Pedestrians walk past an outlet of Ping An Property & Casualty Insurance of China, one of the major insurers, in Shenyang, capital of Liaoning province. (PHOTO / CHINA DAILY)
Ping An Insurance (Group) Co. is expanding its range of bond exchange-traded funds (ETFs) as it tries to catch up in the fast-growing ETFs market, while facing stiffer competition from global giants like Vanguard Group Inc.
The financial conglomerate, which only offered its first ETF in late 2017, is targeting the less-developed market for bond ETFs as vehicles that track broad indexes become more competitive given the dominance of large funds
The financial conglomerate, which only offered its first ETF in late 2017, is targeting the less-developed market for bond ETFs as vehicles that track broad indexes become more competitive given the dominance of large funds that were launched by local managers as early as 2004.
The firm will start to offer products tracking shorter-dated government bonds and is also considering cross-market funds, Cheng Jun, the head of ETF investments at Ping An Fund Management, said in an interview.
While low fees and support from its parent company has helped Ping An Fund Management become the largest local bond ETF issuer, its current standing -- around 16 billion yuan (US$2.3 billion) across nine funds -- lags Ping An’s ambitions and is a fraction of the almost US$1 trillion Vanguard oversees in the US.
“We’re certainly not happy with the number,” Cheng said. “We need to do more and we’re planning to.”
Vanguard, which doesn’t yet have a license to offer onshore fund products, earlier this month formed an investment advisory joint venture with Jack Ma’s Ant Financial, paving the way to bring its low-cost funds to Chinese mainland and tap rising demand for passive investments. BlackRock Inc., the world’s largest ETF issuer, won a Chinese private fund license in 2017 and has been offering products to qualified institutions and high-net-worth individuals.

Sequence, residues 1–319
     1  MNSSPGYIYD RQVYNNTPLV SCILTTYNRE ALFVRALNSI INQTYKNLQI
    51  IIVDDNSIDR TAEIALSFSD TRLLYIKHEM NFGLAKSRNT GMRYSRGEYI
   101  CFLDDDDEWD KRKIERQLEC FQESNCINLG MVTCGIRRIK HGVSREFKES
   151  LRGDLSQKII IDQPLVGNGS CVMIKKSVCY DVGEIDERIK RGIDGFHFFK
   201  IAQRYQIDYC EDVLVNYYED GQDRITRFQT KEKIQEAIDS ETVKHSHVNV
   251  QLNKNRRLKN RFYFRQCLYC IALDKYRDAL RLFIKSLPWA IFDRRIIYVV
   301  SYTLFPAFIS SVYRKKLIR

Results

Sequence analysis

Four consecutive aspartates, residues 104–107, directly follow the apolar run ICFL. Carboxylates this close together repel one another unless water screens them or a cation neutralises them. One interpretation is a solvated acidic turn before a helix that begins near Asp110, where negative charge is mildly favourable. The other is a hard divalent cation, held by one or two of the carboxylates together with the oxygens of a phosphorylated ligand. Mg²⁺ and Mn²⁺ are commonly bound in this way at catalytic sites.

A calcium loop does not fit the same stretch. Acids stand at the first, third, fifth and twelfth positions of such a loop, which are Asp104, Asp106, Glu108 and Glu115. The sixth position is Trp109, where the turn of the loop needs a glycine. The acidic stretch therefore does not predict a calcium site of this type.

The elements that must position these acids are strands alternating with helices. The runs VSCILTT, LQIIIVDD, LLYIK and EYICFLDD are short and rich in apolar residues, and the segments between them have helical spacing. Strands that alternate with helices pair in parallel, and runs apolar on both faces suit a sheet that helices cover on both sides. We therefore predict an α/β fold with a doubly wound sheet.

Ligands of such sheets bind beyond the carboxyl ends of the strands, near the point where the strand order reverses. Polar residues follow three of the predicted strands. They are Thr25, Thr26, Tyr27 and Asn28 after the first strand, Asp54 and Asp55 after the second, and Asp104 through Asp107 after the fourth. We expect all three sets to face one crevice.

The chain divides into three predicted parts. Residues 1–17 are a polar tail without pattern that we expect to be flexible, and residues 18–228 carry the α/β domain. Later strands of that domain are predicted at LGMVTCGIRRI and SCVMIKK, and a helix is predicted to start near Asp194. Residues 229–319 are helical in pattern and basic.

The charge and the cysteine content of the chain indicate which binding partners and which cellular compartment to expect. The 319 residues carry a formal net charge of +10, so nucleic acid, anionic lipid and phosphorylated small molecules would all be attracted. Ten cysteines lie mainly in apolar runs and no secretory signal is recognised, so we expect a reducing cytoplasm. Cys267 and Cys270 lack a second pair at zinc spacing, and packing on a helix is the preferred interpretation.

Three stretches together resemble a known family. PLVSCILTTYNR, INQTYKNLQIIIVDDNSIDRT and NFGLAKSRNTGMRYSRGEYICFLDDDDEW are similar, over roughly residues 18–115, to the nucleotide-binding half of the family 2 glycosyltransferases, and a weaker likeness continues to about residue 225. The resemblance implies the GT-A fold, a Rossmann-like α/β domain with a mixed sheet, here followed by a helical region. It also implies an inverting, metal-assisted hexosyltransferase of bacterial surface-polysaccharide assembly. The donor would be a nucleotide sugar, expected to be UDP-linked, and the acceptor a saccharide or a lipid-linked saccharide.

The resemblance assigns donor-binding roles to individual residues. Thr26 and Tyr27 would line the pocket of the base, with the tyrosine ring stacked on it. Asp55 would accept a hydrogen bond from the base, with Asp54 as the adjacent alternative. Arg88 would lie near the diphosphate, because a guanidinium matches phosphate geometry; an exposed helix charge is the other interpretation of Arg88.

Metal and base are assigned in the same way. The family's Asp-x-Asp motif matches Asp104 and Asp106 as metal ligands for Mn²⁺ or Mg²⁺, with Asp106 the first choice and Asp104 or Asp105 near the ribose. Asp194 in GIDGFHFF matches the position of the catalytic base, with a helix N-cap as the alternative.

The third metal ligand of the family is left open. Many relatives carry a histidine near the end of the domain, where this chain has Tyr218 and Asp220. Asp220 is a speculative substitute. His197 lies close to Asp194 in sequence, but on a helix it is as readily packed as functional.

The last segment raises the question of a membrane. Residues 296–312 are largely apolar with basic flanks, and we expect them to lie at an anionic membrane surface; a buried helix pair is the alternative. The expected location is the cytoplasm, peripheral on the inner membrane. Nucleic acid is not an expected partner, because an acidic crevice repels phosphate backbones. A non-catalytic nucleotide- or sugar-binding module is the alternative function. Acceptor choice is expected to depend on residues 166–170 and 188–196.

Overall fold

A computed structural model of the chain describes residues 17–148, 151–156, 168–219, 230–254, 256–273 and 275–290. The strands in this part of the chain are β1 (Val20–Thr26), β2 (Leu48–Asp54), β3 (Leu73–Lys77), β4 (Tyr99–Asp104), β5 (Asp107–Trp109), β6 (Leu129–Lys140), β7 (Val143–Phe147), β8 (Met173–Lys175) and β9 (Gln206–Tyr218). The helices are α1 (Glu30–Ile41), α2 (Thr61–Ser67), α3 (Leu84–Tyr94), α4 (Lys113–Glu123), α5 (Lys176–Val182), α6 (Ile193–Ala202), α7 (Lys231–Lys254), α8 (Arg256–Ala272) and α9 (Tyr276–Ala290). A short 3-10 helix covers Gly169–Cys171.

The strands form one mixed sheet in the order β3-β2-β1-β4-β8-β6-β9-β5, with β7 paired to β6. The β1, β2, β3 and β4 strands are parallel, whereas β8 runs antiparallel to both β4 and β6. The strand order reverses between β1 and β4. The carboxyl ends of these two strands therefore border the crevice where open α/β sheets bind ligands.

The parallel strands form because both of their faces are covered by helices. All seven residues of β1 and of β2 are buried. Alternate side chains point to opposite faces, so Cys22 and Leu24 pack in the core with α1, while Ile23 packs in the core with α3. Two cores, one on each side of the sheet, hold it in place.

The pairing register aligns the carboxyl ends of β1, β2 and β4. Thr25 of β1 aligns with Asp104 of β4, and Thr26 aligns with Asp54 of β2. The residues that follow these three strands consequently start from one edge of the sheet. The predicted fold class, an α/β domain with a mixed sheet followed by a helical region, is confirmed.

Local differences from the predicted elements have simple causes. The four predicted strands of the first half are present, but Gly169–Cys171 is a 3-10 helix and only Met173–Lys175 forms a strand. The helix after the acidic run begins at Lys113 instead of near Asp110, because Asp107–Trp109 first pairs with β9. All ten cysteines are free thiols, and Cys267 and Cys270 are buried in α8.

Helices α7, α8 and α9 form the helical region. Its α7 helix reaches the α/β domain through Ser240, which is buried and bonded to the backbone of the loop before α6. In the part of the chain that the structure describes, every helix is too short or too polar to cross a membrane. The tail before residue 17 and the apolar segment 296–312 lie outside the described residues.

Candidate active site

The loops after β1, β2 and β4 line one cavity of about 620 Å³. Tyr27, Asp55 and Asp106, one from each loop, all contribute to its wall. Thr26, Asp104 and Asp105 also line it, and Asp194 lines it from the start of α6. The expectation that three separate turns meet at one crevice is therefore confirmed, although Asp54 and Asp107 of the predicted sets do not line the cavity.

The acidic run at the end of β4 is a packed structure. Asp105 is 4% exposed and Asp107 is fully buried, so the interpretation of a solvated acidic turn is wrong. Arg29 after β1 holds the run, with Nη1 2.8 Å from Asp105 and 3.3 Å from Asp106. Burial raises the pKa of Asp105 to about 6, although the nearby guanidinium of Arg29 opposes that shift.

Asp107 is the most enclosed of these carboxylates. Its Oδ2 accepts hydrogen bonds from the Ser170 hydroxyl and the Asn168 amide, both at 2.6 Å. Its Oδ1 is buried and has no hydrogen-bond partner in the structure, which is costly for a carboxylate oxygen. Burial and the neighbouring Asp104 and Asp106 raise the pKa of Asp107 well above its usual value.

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Ping An’s funds unit is also raising an ETF tracking stocks specializing in artificial intelligence. It has submitted applications for five other products, including two tracking local government bonds and one tracking new-energy-vehicle companies.
The Chinese mainland’s ETFs more than tripled in the past five years to US$87.8 billion in assets as of March 31, according to data compiled by Bloomberg. Bond ETFs account for just 1% of the market, compared to 37% for stock ETFs and 60% for money-market ETFs, according to a report by Howbuy Wealth Management Co. last month.
That creates potential demand as insurers and pension funds shift away from just relying on fund managers to pick stocks and bonds, Cheng said.
Still, Chinese institutional investors have only a “rudimentary” understanding of bond ETFs, and few insurers are invested in the market, Cheng said. Banks, which are major bond holders via the interbank market, are constrained by a lack of clarity on whether they can buy bond ETFs, as well as their own risk controls that prevent exposure to some underlying credit securities, he said.
In Hong Kong, where about 90% of existing ETFs track local and mainland stocks, Ping An is seeking to diversify into multi-asset-class products, global equities and smart beta funds that seek to generate market-beating returns, rather than “plain vanilla products,” according to Mona Chung, head of ETF and cross asset at Ping An of China Asset Management (Hong Kong).
“There’s room for niche products in Hong Kong,” Chung said in a separate interview. “While alpha ETFs are more difficult to understand, and therefore take us longer to grow assets under management, we want to do it right.”
Like Vanguard, which over the past decade has more than tripled its ETF market share in the US by slashing fees, Ping An has sought to attract investors with rock-bottom prices. Its fund tracking ChiNext startup stocks in February offered a management fee of just 0.15%, one-quarter the average of rival products.
“With increasing use of quantitative methods that save human labor and the growing size of the funds, your base number grows and that makes lower fees more and more feasible,” Cheng said. “We’re heading in that direction as well.”
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